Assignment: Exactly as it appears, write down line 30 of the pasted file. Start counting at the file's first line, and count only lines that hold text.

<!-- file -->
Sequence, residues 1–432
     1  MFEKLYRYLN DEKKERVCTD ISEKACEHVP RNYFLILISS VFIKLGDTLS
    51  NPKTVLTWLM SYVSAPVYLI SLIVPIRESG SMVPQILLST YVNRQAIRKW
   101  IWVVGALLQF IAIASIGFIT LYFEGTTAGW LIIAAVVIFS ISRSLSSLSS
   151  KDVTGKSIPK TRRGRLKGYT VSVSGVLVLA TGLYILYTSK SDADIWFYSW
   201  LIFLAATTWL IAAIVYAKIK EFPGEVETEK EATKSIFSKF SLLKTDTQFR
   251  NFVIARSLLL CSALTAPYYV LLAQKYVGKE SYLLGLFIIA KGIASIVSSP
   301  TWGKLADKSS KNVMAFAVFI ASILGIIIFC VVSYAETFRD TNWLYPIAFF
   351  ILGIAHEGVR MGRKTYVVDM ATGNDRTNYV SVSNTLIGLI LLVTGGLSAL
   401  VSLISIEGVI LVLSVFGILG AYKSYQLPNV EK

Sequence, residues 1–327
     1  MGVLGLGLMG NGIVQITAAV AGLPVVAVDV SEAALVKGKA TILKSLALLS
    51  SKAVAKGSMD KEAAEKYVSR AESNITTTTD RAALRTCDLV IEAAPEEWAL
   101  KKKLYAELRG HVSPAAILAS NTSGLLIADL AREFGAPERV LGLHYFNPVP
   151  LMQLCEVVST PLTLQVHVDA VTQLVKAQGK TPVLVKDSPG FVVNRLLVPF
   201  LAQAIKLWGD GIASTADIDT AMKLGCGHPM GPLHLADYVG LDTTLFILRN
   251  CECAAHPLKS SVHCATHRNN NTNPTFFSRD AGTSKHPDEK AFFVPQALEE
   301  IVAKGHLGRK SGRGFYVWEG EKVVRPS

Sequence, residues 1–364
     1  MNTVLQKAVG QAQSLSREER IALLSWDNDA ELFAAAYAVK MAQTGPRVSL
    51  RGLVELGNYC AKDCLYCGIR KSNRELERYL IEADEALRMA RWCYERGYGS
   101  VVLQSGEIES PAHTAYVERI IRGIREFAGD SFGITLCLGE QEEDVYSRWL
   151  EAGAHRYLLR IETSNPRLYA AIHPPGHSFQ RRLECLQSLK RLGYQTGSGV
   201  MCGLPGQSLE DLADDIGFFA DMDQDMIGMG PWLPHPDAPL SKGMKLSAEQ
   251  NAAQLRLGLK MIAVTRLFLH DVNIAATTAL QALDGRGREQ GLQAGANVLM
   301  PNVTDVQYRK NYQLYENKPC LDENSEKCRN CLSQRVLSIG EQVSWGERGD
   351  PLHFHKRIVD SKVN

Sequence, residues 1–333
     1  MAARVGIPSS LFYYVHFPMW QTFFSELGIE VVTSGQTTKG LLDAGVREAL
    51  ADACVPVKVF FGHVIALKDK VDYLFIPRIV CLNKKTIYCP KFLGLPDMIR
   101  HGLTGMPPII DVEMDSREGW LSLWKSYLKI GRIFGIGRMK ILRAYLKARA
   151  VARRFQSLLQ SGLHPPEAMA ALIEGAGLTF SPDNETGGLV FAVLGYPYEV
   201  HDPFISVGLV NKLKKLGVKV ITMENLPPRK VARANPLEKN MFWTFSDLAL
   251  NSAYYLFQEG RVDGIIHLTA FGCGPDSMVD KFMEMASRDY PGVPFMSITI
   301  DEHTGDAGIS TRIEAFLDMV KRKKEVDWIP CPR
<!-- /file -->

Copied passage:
    51  ADACVPVKVF FGHVIALKDK VDYLFIPRIV CLNKKTIYCP KFLGLPDMIR